So what can you do? One way is to take advantage of Accelerated Mobile Pages, otherwise known as AMP. AMP gives website owners and developers the ability to create clean and fast loading web pages on mobile, helping to increase both organic visibility and user engagement. Here’s what AMP looks like in search:

Umbraco Site Speed

Screenshots from TechSpot

The Umbraco experts at Marcel Digital wrote a great post on AMP for Umbraco here and also have a great GitHub here to get your team started with AMP.

We also recommend that your development team checks to ensure that above-the-fold content is being prioritized before content below-the-fold. This means that the content we first encounter when loading a website on a mobile device is loaded first, and the rest of the content loads at a later time. This ensures that main content is loaded first right away, as opposed to trying to load the entire content of the page, reducing load times.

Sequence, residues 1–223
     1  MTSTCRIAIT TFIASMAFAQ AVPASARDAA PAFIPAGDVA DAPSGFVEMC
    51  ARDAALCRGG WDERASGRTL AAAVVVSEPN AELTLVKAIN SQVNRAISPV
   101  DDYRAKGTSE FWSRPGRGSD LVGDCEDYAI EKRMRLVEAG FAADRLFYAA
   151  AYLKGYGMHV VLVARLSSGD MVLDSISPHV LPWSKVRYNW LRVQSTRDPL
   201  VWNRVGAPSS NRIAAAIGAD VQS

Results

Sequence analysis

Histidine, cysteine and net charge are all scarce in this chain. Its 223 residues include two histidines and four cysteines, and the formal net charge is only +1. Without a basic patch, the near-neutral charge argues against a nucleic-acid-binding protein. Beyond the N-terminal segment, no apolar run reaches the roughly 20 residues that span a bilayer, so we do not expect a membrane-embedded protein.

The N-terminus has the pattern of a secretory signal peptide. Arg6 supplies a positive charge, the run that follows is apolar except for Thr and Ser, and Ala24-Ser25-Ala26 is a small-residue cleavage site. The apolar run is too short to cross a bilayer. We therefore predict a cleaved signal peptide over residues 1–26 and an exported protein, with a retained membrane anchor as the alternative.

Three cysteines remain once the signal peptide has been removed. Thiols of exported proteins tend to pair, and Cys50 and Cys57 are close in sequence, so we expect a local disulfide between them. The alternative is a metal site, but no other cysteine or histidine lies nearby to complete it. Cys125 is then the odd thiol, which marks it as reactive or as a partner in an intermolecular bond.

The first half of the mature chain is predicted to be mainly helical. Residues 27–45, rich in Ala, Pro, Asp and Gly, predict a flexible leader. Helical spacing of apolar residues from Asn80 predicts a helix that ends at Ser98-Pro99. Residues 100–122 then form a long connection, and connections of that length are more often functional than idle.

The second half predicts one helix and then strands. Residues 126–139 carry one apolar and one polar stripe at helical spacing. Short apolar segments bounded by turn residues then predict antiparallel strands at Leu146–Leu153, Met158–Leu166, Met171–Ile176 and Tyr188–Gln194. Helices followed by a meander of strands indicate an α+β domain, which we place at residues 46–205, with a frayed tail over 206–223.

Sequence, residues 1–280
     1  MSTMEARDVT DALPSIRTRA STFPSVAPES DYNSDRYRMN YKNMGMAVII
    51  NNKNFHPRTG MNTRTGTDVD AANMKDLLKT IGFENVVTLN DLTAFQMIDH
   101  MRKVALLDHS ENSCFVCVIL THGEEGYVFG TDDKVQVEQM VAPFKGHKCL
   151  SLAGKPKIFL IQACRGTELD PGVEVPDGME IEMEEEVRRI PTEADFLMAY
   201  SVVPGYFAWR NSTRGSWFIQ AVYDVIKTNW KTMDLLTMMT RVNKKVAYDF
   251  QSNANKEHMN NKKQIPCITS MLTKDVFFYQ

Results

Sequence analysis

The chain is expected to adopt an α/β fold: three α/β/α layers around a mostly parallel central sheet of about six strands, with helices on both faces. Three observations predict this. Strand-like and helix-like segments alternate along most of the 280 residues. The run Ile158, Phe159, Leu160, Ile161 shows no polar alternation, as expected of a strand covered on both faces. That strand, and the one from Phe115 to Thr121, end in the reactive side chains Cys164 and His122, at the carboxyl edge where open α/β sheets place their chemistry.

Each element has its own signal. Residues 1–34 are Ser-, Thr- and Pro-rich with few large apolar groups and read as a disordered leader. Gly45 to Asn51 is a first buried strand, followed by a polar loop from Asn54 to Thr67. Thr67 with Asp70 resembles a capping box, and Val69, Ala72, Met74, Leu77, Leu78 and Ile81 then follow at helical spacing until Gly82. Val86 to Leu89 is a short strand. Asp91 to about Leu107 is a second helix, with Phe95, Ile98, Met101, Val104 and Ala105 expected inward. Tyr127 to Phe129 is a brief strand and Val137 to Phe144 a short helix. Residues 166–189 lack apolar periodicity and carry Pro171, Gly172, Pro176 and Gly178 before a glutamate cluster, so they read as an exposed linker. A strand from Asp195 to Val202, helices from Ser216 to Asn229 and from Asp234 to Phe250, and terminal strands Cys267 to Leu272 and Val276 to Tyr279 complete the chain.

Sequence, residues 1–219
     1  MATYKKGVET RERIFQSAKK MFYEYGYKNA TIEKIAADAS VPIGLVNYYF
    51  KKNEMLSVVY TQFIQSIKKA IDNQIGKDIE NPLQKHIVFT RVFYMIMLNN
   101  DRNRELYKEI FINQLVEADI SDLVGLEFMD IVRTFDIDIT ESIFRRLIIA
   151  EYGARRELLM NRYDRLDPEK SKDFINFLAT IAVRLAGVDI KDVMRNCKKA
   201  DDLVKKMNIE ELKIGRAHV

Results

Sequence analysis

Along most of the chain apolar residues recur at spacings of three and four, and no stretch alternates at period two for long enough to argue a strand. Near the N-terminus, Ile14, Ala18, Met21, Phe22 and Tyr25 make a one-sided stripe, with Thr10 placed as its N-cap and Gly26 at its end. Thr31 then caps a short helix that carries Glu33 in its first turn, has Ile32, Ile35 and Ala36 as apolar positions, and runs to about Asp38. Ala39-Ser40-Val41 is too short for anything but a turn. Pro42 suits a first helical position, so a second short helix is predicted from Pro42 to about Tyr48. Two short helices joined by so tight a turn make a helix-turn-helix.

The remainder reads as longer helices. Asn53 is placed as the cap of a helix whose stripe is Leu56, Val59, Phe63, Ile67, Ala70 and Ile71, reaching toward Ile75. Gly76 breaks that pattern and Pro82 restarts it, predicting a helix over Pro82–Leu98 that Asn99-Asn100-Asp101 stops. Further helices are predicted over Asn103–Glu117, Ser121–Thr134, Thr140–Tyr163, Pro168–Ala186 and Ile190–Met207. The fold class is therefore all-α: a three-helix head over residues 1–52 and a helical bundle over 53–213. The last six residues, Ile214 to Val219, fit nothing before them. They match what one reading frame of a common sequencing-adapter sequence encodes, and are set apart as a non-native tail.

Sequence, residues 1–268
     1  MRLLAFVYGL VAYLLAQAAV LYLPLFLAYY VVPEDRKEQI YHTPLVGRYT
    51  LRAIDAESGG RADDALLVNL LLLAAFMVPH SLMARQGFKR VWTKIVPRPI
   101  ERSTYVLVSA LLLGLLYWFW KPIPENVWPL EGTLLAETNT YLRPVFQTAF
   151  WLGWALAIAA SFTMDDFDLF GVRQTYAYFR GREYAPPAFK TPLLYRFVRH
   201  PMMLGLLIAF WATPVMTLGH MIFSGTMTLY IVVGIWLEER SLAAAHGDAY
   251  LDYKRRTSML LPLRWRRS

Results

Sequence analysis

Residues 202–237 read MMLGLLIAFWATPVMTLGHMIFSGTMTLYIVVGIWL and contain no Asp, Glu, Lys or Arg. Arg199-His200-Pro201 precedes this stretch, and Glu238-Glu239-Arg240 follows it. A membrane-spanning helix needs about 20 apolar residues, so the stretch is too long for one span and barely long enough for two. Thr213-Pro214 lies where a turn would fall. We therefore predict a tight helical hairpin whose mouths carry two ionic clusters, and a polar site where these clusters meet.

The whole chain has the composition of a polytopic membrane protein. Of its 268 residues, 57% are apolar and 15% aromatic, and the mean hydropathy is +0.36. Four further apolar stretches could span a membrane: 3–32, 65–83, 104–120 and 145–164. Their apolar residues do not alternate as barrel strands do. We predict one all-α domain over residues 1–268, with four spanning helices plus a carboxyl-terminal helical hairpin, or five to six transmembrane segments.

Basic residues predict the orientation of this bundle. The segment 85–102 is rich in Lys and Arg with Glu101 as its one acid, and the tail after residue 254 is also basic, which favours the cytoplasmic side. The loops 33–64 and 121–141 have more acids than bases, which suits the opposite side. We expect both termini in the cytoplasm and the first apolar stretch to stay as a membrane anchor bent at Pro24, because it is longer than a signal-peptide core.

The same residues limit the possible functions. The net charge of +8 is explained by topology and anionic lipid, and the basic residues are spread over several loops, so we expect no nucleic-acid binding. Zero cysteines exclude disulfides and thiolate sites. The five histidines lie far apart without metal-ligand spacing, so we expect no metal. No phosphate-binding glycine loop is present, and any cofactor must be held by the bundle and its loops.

Leverage Browser Caching

Every time a user accesses a website, the browser makes a request to the website’s server to access resources such as the content of the page, the images, videos, and other assets that render the webpage. This takes time to render the webpage for the user trying to access the website, and can also lead to a bad user experience if it takes too long.

To remedy this, Google and other search engines recommend leveraging browser caching to help speed up load times; essentially having your server tell the user’s browser what resources they’ve accessed before and to remember them to speed up rendering of the web page. For Umbraco, you can pass along the same linked resource above to your website development team to help get them started!